“The café; I’ve no been in here afore,” Placing her cup on the table, the rim of the white porcelain now stained pink, her hand hovered once more over the sugar bowl. “Oh I’ve come to Stra’ven a couple of times right enough, but I huvn’y managed across the road in that big square where the bus parks. The traffic’s comin’ at you fae awe directions; I nearly kilt ma’self the last time.”

The Common Green, a large square surrounded by shops has a central parking bay with car access at a main junction and two minor roads and sits in the heart of Strathaven. Traffic normally travels at a snail’s pace. Although I tried not to judge, I wondered why she had difficulty with the simple procedure of crossing the road, knowing as I do, that the traffic circles the central parking area one way only; in the normal clockwise direction governed by the rule of driving on the left.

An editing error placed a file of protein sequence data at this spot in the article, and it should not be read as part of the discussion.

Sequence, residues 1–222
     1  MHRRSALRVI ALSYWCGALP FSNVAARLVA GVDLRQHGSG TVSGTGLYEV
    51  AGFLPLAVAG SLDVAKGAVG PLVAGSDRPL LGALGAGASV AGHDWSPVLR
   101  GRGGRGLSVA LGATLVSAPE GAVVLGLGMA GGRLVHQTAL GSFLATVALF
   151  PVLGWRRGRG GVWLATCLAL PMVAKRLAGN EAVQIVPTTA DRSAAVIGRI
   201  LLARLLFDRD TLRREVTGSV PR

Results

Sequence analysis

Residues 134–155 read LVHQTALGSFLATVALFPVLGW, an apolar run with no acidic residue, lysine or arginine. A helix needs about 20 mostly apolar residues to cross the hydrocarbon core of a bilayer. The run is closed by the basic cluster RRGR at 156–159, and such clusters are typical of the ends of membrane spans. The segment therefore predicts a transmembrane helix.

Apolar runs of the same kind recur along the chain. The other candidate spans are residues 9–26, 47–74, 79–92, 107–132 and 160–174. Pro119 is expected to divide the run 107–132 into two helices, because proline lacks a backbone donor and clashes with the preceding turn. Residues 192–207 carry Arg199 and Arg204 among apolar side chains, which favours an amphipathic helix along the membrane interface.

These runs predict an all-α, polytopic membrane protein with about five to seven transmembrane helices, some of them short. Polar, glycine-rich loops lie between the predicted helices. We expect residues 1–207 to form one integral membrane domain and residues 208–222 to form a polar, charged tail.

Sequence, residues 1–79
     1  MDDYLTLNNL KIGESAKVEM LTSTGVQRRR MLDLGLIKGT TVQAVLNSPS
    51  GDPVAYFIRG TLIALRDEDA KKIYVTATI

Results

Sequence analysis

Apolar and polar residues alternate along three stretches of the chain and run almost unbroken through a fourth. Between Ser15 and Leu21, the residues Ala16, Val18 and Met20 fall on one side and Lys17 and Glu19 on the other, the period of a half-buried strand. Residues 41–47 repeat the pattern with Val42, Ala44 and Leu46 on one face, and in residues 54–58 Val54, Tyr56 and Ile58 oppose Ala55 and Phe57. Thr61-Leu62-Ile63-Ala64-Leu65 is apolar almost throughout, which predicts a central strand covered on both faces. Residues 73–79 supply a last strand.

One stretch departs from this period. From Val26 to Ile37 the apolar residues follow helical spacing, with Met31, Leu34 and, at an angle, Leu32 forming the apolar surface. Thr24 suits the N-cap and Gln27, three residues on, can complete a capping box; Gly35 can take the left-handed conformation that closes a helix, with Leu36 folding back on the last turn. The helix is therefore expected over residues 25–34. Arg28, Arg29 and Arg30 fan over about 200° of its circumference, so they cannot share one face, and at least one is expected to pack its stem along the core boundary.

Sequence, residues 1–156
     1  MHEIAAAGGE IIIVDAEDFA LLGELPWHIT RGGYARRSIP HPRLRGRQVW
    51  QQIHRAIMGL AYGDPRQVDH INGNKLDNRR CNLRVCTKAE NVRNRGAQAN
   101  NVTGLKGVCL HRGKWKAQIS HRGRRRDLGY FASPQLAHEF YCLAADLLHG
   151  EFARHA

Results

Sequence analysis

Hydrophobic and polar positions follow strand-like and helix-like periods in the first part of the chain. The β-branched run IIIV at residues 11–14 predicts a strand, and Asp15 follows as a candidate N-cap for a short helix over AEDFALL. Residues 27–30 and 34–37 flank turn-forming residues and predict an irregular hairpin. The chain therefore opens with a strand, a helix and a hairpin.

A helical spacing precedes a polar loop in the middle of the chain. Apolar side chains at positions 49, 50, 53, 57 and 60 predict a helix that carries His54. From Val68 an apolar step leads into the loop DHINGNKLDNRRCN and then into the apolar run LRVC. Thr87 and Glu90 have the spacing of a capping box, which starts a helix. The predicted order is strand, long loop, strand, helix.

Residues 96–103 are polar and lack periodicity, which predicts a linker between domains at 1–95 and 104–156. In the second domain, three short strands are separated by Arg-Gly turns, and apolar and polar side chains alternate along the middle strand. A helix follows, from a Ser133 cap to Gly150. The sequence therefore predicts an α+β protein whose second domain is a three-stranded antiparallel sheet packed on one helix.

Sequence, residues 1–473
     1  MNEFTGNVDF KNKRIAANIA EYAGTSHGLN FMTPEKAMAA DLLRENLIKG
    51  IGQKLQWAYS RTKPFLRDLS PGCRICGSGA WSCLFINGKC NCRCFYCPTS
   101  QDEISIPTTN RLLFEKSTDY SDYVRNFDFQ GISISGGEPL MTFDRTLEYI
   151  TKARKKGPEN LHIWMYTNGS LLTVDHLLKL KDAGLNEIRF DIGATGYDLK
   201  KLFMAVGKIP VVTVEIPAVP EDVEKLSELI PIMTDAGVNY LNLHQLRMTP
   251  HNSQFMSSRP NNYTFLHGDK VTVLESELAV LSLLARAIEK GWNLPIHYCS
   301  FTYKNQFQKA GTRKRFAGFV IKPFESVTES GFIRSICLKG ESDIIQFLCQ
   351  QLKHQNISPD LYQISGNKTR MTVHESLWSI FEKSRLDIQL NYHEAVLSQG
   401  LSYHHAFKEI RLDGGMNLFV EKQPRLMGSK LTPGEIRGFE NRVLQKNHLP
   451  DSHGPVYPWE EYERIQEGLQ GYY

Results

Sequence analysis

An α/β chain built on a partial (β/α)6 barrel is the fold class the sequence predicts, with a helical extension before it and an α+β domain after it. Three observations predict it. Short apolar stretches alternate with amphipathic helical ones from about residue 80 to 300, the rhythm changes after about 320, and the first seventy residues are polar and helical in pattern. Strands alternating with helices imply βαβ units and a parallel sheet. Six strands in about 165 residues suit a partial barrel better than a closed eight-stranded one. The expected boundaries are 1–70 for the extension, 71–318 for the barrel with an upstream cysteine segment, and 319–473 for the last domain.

She must have read my mind.

Her strong Glasgow twang increased in volume. “It’s because I dinny drive a car, hen. I dinny know anything aboot cars or roads or anything. That’s why I find it so difficult to cross the road.” She decided her tea could use another sugar.

“Oh dear, that must be a problem for you?” I nodded in agreement to the logic of her statement, while pondering her fortune in managing to negotiate the traffic this time and our fortune that she had no inclination to sit behind a wheel.

“Aye you’re right it is, but that’s no the least of ma troubles, I’ve been bothered wae blood pressure since I wis in ma 30’s. And that’s no yesterday.” I’m sure I spotted a look of hopefully contradiction. “It gives me these awfy bouts of dizziness now an’ again. If I wis tae tell you awe aboot ma illnesses I’d be here awe day. You’re no busy are you?”